The teacher of the Parsifal course [in 11th grade] asks himself many questions [1] ... The course in some ways seems to answer the developments which arise in the students midway through the third of the seven-year periods [2] ... The curriculum in this year seems to be building a bridge between earth and heaven [3], and bring with it a new kind of reality, less tangible but no less real: electricity, radioactivity, the plant cell, the stars, the Grail. Where is reality? [4] ... The students who have come up with us from the lower schools are glad to have [the] story again. [5]

— Elizabeth Nobbs

Steiner said that the Holy Grail signifies the ancient “Mysteries” (i.e., occult knowledge) hidden within Christianity. The search for the Grail thus 
becomes the search for the occult meaning of Christianity, which Anthroposophists believe is to be found in Anthroposophy itself. A Waldorf teacher leading older students in a study of the Parsifal/Grail legend feels a heavy responsibility indeed. The course may lead students to the very threshold of Anthroposophy proper.

[2] Anthroposophists believe that children develop through three seven-year-long periods, at the end of which various invisible bodies incarnate. The etheric body incarnates at age seven, the astral body at age fourteen, and the spiritual "I" at age twenty-one. [See "Incarnation" and "Most Significant".] Built into this vision is the proposition that all children of a particular age stand at essentially the same level of development. The Waldorf curriculum is meant to address the needs of students at each stage of this lock-step developmental schedule. Thus, this course is geared toward "developments which arise in the students midway through the third of the seven-year periods."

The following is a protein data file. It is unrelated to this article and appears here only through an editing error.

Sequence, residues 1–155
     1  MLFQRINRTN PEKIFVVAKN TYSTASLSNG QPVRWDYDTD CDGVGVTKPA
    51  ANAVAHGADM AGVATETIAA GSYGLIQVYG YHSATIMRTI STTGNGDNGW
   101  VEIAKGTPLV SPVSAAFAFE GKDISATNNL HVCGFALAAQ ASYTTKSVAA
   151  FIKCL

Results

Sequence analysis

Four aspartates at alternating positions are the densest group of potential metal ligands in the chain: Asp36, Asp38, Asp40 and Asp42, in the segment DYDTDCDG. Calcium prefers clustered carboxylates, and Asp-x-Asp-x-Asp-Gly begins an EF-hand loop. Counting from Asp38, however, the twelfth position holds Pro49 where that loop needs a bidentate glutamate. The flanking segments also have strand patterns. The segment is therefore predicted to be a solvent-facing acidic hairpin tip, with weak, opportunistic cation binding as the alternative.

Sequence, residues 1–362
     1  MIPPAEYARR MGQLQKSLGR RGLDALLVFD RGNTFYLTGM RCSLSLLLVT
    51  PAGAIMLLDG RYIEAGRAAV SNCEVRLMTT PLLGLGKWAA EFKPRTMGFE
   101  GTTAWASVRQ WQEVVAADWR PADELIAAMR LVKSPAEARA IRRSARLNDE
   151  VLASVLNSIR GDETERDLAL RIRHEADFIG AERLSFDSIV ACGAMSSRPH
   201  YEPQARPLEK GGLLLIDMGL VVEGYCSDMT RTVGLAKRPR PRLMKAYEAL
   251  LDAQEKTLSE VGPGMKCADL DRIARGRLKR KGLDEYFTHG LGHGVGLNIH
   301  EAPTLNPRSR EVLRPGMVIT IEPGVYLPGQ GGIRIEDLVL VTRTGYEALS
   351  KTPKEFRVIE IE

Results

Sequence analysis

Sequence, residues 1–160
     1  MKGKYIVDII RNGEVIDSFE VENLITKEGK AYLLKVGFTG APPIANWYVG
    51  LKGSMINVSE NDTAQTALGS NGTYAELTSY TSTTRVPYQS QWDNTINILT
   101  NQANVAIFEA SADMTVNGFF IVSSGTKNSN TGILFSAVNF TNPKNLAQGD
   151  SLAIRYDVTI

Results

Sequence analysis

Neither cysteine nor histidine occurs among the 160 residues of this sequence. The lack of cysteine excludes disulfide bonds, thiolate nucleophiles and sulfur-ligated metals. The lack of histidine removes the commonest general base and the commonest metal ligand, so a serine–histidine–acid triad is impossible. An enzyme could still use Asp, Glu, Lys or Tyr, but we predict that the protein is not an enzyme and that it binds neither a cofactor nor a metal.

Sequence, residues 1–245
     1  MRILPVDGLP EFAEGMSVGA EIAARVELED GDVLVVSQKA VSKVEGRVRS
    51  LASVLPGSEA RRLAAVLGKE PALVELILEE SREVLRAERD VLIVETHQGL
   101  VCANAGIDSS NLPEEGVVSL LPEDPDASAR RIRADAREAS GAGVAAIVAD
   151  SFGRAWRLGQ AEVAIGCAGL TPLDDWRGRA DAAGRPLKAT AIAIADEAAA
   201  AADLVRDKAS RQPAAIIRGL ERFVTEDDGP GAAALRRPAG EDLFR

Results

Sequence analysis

[3] The self-assigned religious/spiritual mission of Waldorf teachers makes itself apparent here. True-believing Waldorf teachers think they occupy a priestly station, shepherding students toward heaven, i.e., the spirit realm as conceived in Anthroposophy. [See "Schools as Churches" "Spiritual Agenda".]

[4] The "new kind of reality" conveyed in such a course — not so new to longtime Waldorf students — is Anthroposophical reality: mystical, mythic, metaphysical. "Where is reality?" In a Waldorf school, reality does not reside in the phenomena of the physical universe ("electricity ... stars"), but in the fabulous realm of Anthroposophical occultism. In other words, it resides in the Grail and in the "Mysteries" that Steiner said the Grail signifies.